12. After the abolition of the appointment system in District Boards in 1994, the Boards have been functioning well. There is no need to revive the appointment system and reverse the process of democractization at the expense of the right of the public to participate in public life.
  13. The re-introduction of an appointment system to District Councils on the first day of the new millenium against the global tide of democracy will unnecessarily tarnish the image of the SAR Government, the District Councils, the Legislative Council and the whole Hong Kong.
  14. Ex officio Members should be abolished

  15. Ex offico Members should not be maintained because of various unfairness inherent in the present system, especially in the election of Villages Representatives who forms the Rural Committees whose chairmen are ex offico members. Besides the well known issue of discrimination against women in many of the villages, there are problems such as having property ownership as one of the criteria of eligibility in certain village elections. "It is unreasonable to restrict the right to vote on the ground of physical disability or to impose literacy, educational or property requirements." (Para. 11, General Comment)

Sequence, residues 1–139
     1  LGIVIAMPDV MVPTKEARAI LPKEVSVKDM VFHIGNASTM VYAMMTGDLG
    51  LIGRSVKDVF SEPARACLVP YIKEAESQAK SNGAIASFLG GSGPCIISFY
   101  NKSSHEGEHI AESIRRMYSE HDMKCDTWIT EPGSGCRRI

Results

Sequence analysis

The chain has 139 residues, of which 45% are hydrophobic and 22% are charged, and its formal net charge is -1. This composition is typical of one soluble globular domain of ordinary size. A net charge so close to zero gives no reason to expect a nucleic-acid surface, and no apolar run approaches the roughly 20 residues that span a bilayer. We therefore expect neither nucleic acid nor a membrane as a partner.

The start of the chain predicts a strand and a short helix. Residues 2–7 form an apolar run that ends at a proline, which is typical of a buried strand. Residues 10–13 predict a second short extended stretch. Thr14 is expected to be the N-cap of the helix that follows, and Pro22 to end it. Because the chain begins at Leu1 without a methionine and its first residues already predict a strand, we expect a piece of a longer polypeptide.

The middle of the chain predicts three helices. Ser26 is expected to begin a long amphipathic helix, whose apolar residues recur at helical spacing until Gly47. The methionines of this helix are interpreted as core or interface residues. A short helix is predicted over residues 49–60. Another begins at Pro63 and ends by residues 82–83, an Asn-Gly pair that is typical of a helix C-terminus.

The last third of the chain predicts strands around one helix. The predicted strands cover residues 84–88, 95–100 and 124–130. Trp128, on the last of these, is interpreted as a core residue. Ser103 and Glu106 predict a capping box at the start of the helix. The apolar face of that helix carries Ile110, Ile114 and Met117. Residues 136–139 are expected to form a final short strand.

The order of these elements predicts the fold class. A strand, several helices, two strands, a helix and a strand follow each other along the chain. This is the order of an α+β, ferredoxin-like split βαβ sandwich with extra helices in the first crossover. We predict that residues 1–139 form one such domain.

16. Human Rights Monitor finds it dubious to suggest that the New Territories indigenous population, which is identified by descent along the male line from villagers of an established village in 1898, may qualify as a racial or ethnic group within the meaning of the United Nations Convention on the Elimination of All Forms of Racial Discrimination. They do not suffer from special socio-economic disadvantages (except for certain women) which justify reserving seats in the District Councils for them as positive measures. Like everyone else, they are already represented in the election of elected members. Even if the representation of Rural Committees are extended to cover all non-indigenous residents living in their areas, it is still unfair to those voters who not covered by such Rural Committee areas.